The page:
- Your trees and shrubs have begun to harden for the up-coming cold weather. To encourage this, remove mulch from around the stems of shrubs and trees.
- To minimize the look of open spaces between new shrubs, plant a low-growing groundcover, such as bugleweed or winter creeper.
- Water evergreens thoroughly before the ground freezes. They tend to lose water during the winter and cannot replenish their water after the ground freezes.
- When deciding on new trees or shrubs to plant around your home, remember to select varieties that will fit the location when they are at their mature height. this will gently reduce pruning and other maintenance in the future.
- Pick bagworms from evergreen shrubs. This will eliminate the spring hatch from over-wintered eggs.
- Prune trees and shrubs so that the air can flow through them freely in winter.
- Cut back perennial herbs to encourage well-balanced growth next year.
- Parsley, chives, sage, and thyme taken from the garden and potted will do well all winter if watered and set in a sunny window.
- Make a note of any particular productive or unsatisfactory varieties of vegetables that you planted this year. Such information can be very useful when planning next year's garden.
- Cure pumpkins, butternut and hubbard squash at temperatures between 70-80 degrees F for two or three weeks immediately after harvest. After curing, store them in a dry place at 55-60 degrees F.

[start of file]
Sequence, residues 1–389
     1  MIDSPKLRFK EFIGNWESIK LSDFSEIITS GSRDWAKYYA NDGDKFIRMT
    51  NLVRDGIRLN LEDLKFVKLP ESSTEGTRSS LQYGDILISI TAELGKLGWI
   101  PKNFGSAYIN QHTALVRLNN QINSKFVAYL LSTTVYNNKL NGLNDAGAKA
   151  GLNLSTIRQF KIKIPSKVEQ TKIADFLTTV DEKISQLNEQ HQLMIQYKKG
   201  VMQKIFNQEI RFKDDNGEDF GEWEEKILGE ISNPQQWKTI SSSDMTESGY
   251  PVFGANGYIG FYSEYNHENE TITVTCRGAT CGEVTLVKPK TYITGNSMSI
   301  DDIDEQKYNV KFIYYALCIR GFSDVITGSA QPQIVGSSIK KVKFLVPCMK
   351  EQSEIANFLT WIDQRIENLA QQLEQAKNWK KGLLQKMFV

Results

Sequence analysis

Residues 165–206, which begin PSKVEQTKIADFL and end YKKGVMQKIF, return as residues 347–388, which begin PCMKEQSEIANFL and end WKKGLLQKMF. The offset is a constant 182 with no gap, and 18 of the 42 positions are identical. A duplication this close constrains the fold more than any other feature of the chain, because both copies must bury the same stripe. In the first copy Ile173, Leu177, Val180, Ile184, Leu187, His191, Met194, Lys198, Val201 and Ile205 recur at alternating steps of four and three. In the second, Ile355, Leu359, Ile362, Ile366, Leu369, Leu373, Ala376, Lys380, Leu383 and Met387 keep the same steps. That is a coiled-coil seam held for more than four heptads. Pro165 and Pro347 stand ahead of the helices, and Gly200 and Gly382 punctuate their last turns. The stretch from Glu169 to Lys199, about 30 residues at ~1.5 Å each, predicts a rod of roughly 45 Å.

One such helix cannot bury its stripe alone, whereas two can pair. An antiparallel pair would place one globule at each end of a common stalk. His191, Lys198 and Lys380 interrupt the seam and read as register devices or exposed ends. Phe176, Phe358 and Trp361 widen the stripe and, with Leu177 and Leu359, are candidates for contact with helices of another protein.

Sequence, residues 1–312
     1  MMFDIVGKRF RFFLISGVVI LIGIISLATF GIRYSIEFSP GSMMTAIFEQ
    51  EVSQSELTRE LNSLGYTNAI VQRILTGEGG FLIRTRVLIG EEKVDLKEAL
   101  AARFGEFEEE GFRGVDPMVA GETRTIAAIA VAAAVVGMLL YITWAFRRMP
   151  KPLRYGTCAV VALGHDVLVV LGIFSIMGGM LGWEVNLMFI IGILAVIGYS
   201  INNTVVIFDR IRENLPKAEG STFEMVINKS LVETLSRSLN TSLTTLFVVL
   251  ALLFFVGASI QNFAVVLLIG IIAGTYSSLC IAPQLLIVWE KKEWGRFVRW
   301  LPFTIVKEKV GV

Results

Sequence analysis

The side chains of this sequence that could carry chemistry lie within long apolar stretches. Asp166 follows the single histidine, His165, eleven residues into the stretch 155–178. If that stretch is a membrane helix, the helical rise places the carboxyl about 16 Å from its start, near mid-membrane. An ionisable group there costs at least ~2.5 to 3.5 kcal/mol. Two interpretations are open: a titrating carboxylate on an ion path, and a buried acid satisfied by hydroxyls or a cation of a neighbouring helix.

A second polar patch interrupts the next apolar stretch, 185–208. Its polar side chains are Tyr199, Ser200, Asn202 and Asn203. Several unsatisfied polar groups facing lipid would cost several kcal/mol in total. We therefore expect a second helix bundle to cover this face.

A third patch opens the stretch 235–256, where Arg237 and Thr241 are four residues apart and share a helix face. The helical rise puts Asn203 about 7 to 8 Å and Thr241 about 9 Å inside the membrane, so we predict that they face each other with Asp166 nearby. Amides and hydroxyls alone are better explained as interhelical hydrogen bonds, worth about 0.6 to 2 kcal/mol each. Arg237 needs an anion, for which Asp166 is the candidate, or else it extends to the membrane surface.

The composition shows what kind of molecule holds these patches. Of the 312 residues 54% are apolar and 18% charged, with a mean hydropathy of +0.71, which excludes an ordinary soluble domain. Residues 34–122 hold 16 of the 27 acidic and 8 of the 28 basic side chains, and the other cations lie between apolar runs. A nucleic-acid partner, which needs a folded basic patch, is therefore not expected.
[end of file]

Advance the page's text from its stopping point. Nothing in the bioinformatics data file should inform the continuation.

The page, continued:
- Clean up the orchard and small fruit plantings. Sanitation is essential for good maintenance. Dried fruits or mummies carry disease organisms through the winter to attack next year's crop.
- Use dried herbs to make fragrant wreaths and dried flower arrangements.
- By mid-October, or if frost is predicted, pick all tomatoes, whether they are ripe of not. Refrigerate or freeze ripe tomatoes.
- Wrap green tomatoes or hang the entire plants (with unpicked fruit) upside down. Alternatively, these can be stored in a brown paper bag in a cool dark area.
- In late October cut back asparagus stalks to the ground. Mark the location. Mulch 3 to 4 inches.
- Prepare vegetable beds for spring and remove all debris.
- Late-fall tilling will expose insect pests to winter conditions. It also makes spring soil preparations easier.
- Store chemicals that should not freeze in a place where temperatures do not fall below 40 degrees F.
- During fall, demand for garden supplies is low, so keep an eye open for special prices on hand tools and power equipment.
- Do not apply quick-acting fertilizers while tilling the soil. Otherwise, the nitrogen will leach away before spring.
- Mulch is best used during fall and winter after the soil temperature has reached 32 degrees F. A mulch is used to keep soil temperatures constant and prevent frost heaving, not to keep it warm.
- Fall is an excellent time for taking soil samples in your lawn and garden. Soil tests will measure the pH of the soil, organic matter content and the levels of some of the major elements required for plant growth, such as phosphorus and potassium.
- Cover open compost heaps with plastic when there are signs of heavy rains.